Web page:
This is about the difference between objects and variables.
In Java, variables (of non-primitive type) are references to objects. So, the variable is not the object itself, it's only a reference (something like a pointer, if you know C).
In line 3, you declare two variables str1 and str2. Note that you don't initialize them there - at that point, they're not referring to any String objects yet.
In line 4, you're making str1 refer to a String that contains "Free the bound periodicials.".
In line 5, you're making str2 refer to the same String object that str1 refers to. Note: Probably you're misunderstanding something here. You are not making the variable str2 a reference to the variable str1 - you're just making str2 refer to the same object that str1 refers to. There is no direct link between the variables str2 and str1.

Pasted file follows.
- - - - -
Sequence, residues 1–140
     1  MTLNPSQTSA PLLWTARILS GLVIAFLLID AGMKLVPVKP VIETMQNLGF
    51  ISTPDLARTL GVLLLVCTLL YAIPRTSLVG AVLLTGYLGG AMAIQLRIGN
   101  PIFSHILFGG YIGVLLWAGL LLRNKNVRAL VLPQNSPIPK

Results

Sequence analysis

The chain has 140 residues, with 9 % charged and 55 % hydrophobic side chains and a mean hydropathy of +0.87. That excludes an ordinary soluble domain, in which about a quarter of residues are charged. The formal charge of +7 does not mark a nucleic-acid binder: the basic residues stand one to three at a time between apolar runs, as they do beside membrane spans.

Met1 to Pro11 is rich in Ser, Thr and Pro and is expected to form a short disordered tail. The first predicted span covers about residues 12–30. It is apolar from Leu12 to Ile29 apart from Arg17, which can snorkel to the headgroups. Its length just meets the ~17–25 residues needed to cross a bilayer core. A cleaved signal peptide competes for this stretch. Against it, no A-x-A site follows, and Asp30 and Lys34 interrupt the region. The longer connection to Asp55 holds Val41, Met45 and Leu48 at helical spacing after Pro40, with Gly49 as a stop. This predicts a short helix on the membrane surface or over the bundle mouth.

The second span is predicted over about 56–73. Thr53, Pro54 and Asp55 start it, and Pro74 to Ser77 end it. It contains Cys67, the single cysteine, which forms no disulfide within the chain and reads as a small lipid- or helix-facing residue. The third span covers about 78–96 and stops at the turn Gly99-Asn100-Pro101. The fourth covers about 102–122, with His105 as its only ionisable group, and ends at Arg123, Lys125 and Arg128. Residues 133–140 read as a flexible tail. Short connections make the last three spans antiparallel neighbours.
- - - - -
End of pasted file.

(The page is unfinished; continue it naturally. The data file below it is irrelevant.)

In line 6, you make str1 refer to another String object that contains "Peanuts". Note that str2 doesn't know anything about this - it is still referring to the object that contains "Free the bound periodicials.". (There is no link between variables str2 and str1).
In line 7, you make str2 refer to a new String object that contains "Free the bound periodicials.test" (the contents of the object that str2 was referring to is concatenated with "test" into a new String object, and then str2 is assigned to refer to that new String object).
Indeed, the important thing to understand is that the variables are not the actual objects, they're just references to objects (so, you can for example make two variables refer to the same object).
Looking at a line like this (I added a missing closing parenthesis):
You're calling the substring method on the String object that str1 refers to. That method will return a new String object that will contain part of the original String object. The new String object is then passed to the println() method. The println() method ofcourse has an argument variable; it's defined in class PrintStream (because System.out is a PrintStream):
So, when you make the call, x is made to refer to the String object, and println() will do what it does.